AMN Reviews: Richard Teitelbaum – Solo Live

Richard Teitelbaum: Solo Live [Mutable Music 17548-2]

The two pieces on this release are based on an ongoing experiment in playing to ambient sounds that composer/performer Richard Teitelbaum first conducted in the early 1970s. Teitelbaum in effect posits a zone of overlap between composed or improvised music and the accidental sounds of the environment surrounding it. Rather than contrasting the two types of sounds, Teitelbaum seeks to integrate them into a considered synthesis of the deliberate and the contingent.

Both pieces on the CD were recorded live at Baltimore’s An die Musik in April 2009. Threshold Symphonies, the long opening track, features the composer on Kurzweil 2000 sampler. Teitelbaum takes sounds from a wide variety of sources and constructs them into an audio mosaic in which they are sometimes recognizable and sometimes not, but always absorbing. Like a stain-soak abstract painting made of vivid colors, the piece is made up of multiple layers, with each layer leaving enough transparency to allow the underlayers to show through. One can hear the sounds of wildlife, human voices and musical instruments set within more ambiguous electronic sounds, some of which are reminiscent of the just-beyond-grasp murmurings of imagined voices heard in a hypnagogic state. Threshold Symphonies is followed by the shorter but still substantial TBCi/bRT, an improvisation for (mostly) acoustic instruments. The palette here is more constrained and is dominated by the piano, which sets out shimmering, sometimes discordant harmonies as landmarks throughout the course of the work.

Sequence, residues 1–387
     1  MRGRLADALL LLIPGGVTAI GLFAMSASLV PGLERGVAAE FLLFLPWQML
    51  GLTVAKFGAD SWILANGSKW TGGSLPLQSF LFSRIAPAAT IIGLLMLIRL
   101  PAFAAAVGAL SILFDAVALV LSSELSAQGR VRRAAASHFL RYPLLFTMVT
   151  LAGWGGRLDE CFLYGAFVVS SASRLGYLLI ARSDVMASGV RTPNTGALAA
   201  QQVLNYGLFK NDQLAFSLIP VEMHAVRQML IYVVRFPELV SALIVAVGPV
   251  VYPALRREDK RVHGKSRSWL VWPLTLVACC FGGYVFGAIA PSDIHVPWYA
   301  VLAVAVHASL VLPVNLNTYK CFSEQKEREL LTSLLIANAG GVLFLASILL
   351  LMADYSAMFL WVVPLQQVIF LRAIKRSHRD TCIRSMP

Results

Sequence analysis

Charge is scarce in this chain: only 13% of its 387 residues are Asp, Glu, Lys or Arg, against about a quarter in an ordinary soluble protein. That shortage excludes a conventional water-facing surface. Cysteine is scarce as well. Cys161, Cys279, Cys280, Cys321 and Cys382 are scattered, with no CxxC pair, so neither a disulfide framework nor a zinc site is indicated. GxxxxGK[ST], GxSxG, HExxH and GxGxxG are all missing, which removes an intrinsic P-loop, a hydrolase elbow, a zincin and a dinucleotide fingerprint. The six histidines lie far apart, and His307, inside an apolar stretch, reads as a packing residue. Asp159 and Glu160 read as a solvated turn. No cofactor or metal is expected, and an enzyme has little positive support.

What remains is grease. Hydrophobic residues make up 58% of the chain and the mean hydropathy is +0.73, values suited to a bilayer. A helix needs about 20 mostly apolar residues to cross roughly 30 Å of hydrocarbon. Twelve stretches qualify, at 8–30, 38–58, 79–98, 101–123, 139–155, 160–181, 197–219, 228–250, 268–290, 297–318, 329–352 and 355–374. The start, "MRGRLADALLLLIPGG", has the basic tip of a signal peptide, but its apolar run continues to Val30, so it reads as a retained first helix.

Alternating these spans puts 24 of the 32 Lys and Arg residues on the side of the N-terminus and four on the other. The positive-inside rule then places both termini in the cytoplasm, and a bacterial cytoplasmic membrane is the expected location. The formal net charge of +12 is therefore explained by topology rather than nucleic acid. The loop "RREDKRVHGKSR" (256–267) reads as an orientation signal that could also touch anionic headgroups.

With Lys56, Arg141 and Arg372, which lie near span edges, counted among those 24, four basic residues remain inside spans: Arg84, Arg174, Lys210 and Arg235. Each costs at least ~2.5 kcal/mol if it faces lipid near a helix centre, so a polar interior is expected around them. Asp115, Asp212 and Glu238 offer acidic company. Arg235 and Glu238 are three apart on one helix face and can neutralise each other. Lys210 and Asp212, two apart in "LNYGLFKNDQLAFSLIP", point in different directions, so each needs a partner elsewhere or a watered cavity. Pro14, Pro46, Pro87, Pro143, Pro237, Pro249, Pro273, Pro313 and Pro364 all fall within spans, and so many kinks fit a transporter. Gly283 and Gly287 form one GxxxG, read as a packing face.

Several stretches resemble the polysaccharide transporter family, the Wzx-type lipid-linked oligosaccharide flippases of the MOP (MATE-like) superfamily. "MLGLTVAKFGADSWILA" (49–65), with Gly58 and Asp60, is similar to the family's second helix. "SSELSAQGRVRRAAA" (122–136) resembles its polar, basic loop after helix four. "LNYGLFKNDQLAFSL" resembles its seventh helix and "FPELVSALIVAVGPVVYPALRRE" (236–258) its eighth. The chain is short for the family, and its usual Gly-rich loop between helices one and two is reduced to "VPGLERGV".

This is a fine addition to Teitelbaum’s recorded oeuvre.

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